Don’t be Greedy – Be the Best

The New York Times reported on a “little-noticed court ruling in December (2020).” The ruling was against the former board members of the Jones Group, an ownership group of apparel brands including Gloria Vanderbilt, Anne Klein and Nine West. In 2014 the Jones Group sold to Sycamore Partners in a highly (one might say overly) leveraged deal. 

The court ruled the “officers and directors had better think twice before agreeing” to deals with this type of structure. Duh! If it sounds too good to be true it probably is. It’s why good bankers (for our clients’ size of deals) won’t let a buyer have the bare-minimum debt coverage ratio. There needs to be a cushion because “things happen” and one of the best and worst things is fast growth. Growth sucks cash and that’s where the cushion comes into play.

Here are some related situations where the best:

  • Business buyer has the whole package including price, abilities, relationship building, and more. As many in the buy-sell world know, the best buyer is not always the one offering the highest price.
  • Business to acquire is not always the one that’s the best deal. It’s the company the buyer can grow, add value, and see themselves going into every day with a smile on their face.
  • Customer doesn’t always pay the most. But they’re loyal, work out issues, and refer others to you.
  • Job isn’t necessarily the highest paying job; it has the whole package including culture and career advancement opportunities. 
  • Employee to hire isn’t the one who will work for less. It’s probably the one who expects, and is warranted, a higher salary because they’ll have higher productivity.

It comes down to looking at the whole package, not just the shiny stuff (like the money).

“If I had to live my life again, I’d make the same mistakes, only sooner.” Tallulah Bankhead

“It’s funny. All you have to do is say something nobody understands and they’ll do practically anything you want them to.” J.D. Salinger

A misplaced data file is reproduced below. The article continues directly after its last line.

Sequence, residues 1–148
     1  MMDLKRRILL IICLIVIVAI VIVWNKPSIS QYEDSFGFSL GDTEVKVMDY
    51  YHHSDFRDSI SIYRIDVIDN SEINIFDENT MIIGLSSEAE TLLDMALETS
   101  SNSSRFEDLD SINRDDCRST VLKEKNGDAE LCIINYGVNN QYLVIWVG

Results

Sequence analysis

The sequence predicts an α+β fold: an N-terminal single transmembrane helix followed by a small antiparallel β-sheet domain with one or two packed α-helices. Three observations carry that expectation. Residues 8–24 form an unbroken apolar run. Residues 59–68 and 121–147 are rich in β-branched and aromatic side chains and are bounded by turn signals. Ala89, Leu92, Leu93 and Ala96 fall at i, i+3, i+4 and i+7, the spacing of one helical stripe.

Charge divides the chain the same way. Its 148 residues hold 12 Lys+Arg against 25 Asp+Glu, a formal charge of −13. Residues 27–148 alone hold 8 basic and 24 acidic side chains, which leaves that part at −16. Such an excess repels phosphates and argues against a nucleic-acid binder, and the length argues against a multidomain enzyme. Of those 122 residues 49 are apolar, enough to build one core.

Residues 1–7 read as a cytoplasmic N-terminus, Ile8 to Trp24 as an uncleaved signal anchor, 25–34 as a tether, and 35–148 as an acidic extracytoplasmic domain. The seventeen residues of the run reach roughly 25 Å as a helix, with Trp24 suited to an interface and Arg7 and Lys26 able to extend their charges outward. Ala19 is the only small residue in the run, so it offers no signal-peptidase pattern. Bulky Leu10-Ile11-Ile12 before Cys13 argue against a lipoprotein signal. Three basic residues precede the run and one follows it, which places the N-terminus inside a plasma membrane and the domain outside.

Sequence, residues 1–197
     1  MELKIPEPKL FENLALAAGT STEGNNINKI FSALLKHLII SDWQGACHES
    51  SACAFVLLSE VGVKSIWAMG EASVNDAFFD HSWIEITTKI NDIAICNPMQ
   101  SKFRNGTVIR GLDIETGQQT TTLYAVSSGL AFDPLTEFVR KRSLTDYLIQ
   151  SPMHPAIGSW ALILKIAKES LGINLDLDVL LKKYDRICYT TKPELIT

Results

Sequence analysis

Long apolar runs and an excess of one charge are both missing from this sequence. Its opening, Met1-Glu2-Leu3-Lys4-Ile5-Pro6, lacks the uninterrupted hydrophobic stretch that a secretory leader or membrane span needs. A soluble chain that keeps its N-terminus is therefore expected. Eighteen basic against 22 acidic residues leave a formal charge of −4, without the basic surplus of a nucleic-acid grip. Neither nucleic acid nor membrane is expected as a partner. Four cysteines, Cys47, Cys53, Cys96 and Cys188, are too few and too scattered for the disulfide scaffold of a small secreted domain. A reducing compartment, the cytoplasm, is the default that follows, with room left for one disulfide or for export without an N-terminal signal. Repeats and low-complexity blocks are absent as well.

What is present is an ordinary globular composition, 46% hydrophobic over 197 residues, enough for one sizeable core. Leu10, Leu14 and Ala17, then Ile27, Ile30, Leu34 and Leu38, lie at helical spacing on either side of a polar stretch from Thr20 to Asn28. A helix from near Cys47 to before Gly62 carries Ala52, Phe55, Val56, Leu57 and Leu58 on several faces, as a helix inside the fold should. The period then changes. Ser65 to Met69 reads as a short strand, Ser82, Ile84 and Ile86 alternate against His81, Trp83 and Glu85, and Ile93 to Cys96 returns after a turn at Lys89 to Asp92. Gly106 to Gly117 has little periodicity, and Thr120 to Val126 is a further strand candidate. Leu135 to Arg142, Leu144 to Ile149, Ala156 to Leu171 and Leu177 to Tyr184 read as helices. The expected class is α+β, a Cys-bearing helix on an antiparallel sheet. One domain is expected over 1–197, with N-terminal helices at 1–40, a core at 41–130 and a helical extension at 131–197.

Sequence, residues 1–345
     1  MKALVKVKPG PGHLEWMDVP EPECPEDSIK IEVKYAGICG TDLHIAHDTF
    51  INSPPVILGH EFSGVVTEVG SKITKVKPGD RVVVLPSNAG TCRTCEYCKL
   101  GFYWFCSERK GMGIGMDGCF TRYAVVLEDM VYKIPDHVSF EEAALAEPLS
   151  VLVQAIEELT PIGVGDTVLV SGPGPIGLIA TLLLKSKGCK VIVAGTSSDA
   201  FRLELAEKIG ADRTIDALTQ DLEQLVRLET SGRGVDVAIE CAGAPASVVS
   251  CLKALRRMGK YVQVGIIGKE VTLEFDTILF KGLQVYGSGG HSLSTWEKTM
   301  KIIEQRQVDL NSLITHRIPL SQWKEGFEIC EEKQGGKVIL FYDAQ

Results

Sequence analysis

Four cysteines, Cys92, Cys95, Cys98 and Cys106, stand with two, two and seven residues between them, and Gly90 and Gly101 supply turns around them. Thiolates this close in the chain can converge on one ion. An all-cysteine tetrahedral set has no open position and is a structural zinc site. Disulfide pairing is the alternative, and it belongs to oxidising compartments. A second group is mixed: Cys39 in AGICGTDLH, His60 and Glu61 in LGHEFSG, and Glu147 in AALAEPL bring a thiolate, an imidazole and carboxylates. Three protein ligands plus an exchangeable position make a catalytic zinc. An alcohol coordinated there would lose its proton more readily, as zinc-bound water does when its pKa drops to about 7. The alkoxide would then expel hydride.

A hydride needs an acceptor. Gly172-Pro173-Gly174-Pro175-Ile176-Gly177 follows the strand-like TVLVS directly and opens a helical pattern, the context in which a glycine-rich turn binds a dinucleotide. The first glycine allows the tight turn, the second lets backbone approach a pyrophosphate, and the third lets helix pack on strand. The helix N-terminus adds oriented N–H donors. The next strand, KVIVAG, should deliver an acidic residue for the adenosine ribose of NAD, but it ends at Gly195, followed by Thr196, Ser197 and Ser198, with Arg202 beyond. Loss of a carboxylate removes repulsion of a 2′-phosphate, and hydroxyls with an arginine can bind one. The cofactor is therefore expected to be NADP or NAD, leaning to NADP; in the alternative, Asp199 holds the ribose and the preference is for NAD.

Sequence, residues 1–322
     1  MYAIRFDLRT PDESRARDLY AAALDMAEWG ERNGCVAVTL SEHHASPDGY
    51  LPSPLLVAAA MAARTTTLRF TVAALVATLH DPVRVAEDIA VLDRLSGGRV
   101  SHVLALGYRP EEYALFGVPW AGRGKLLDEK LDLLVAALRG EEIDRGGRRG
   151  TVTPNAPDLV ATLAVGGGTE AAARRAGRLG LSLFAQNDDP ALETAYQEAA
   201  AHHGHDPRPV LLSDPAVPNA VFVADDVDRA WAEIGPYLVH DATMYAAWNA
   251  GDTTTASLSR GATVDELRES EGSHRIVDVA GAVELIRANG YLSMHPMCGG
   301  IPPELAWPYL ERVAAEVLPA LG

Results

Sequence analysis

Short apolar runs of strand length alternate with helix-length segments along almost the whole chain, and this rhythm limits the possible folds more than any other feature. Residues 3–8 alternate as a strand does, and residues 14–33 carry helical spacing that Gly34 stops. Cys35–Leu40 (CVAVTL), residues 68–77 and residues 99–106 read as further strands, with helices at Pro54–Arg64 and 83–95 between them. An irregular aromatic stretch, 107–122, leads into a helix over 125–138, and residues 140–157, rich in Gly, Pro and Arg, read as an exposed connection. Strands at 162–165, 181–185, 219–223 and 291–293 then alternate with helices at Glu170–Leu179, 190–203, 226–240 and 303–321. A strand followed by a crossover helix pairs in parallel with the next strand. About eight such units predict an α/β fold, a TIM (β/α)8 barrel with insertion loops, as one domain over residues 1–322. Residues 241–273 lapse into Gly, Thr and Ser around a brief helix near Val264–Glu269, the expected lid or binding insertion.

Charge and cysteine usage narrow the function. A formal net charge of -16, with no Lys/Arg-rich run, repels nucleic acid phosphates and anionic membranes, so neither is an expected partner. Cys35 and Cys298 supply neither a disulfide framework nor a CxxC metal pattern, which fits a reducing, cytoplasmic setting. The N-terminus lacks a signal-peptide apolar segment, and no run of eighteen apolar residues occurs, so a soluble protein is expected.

The Challenges of Buying (and Selling) a Business

A month or so after a business buy-sell transaction the buyer said he had found some challenges but was making his way through them. Finding a business to buy is much different than finding a house to buy. There’s no MLS, the seller doesn’t want anybody to know the business is for sale, there’s a lot more information to verify, and comparable sales information is limited.

Similarly, moving into a house is easy, especially compared to taking over a business. The house is clean, it’s been inspected so you know what to fix or upgrade, and it’s really about unpacking and getting settled. 

When taking over a business you have to deal with customers, employees, operations, culture, cashflow, and more. Here are three things owners should do to make it smoother for buyers (and increase the ease of selling and the price).

Run it as a business, not a lifestyle. Run it as if you’re not selling but are in it maximize growth and profit. Realize the little things you know how to do in your sleep from 37 years as an owner (as an unconscious competent) aren’t second nature to the buyer. There not second nature to your staff, which is why a business plan, job descriptions, and delegation are so important.

As I’ve written many times before, the buyer is buying your people as much, or more, than they are buying your “company.” Employees are the lifeblood of any business so treat them well, pay them well, let them grow, and trust them.